4/9/98 Update From Dean Blackwood at Revenant: Hey guys. Things are still coming together nicely. John French is busy on the bulk of the notes and I am attempting to wrap up the recordings end of things. Some cool surprises in the works. We are looking for good quality versions of the following live performances from any era: Suction Prints Pompadour Swamp Peon Dali’s Car Old Fart Well Dust Blows Apes Ma Odd Jobs Best Batch Yet Owed T’Alex And, since the BBC has erased its tapes and Peel himself has no tapes, we are auditioning versions of the Peel Sessions (all 8 tracks) to
“We’re in the luxurious position of putting out eactly what we want,” says Dean Blackwood. The Nashville attorney, along with guitarist John Fahey, is the co-proprietor of Revenant, a re-issue label dedicated to what he calls “raw musics.” During the last year, they’ve unearthed treasures by avant-garde improvisors, Cecil Taylor and Derek Bailey, rocabilly legend Charlie Feathers and the white country blues man, Dock Boggs. How does Revenant pay the rent? “John came into some money through an inheritance,” says Blackwood. “Instead of doing something sensible like buiding a house, he decided to put out CDs.” What do Charlie Feathers and Cecil Taylor have in
Since Smithsonian Folkways’ ballyhooed reissue of Harry Smith’s Anthology of American Folk Music, many of our world’s duller knobs seem to have been reborn as experts in roots music. So it’s a safe bet that spasms of delight will greet the latest release on avant-acoustic guitarist John Fahey’s label Revenant: Dock Boggs’ Country Blues (RVN 205), which collects the complete early (circa 1927-29) recordings by the dark godfather of all banjo-wielding Appalachian form destroyers. All of Boggs’ music (including that of his ’60s “rediscovery” period) is mind- blowingly great, and the packaging of Country Blues is equally amazing. Lyrics, pics, and essays are bound into
The cover for the Grow Fins promo, featuring the magic man himself. If his vacuum cleaner sales routine was as impressive as this then who could blame Aldous Huxley for being tempted? This was released by Revenant in March 1999 as a taster to the Grow Fins set, and is very tasty indeed. Track list Below is the track-listing as it appears on the inside front sleeve. Sampler review from April 1999 The sound quality is by far superior to the majority of the bootlegs circulating which feature this material, and the material itself is stunning, boasting many gems which I have never heard before.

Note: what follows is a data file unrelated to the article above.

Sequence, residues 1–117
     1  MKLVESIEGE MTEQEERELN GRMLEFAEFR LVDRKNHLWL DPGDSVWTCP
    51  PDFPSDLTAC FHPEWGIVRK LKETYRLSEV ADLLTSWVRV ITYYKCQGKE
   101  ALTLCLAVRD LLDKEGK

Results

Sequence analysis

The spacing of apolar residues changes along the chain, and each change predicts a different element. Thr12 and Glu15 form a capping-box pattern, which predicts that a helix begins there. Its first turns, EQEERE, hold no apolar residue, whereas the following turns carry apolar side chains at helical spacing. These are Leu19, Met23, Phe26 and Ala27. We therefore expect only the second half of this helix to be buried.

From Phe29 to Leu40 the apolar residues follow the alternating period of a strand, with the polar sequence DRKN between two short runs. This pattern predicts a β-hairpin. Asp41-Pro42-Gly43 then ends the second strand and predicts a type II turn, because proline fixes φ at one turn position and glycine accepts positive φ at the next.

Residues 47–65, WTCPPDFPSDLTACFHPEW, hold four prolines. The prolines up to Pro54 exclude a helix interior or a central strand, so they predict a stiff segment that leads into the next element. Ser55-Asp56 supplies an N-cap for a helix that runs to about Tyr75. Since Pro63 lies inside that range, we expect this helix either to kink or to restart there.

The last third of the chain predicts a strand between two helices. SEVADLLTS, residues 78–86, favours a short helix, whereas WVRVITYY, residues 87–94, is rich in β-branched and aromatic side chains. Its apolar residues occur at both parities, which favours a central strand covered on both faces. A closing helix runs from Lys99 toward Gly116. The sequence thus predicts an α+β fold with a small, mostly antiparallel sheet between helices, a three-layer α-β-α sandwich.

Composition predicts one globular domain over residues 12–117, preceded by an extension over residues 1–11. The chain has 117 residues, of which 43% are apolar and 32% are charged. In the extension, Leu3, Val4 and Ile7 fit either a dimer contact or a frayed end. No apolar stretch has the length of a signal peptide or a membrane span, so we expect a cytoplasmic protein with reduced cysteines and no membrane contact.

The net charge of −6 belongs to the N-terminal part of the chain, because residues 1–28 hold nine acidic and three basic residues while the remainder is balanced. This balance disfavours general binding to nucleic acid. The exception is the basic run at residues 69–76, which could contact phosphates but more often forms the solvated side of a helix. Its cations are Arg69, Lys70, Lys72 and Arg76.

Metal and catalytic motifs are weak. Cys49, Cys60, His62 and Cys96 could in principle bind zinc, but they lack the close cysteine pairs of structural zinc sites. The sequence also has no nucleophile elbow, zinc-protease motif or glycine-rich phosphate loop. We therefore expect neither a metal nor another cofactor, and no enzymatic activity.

Captain Beefheart likened making music to going to the bathroom – it’s not something he wants to look back on. Here, Mike Barnes grills the Revenant label on the ethics of its ‘unauthorised’ CD retrospective that claims its rare unguarded moments reveal the true Beefheart. “Some of the most compelling moments in Captain Beefheart’s recorded legacy have been heard by just a handful of people.” So says Dean Blackwood, co-founder with John Fahey of Revenant Records, on the motivation behind the label’s forthcoming five CD collection, Captain Beefheart & His Magic Band Grow Fins: Rarities (1965-82). Comprising acetates, demos, concert recordings and radio broadcasts, it
One of my favourite labels, Revenant Records who released the “Grow Fins” treasure trove of unreleased Beefheart, released the second volume in their “American Primitive” series this week. Vol 1 was a stunning collection of gnarly pre-war gospel. Volume 2 features pre-war blues, hillbilly and jazz. Reuters have a nice feature on it. Should the fancy take you, you can also read my piece about Revenant Records from our John Fahey tribute.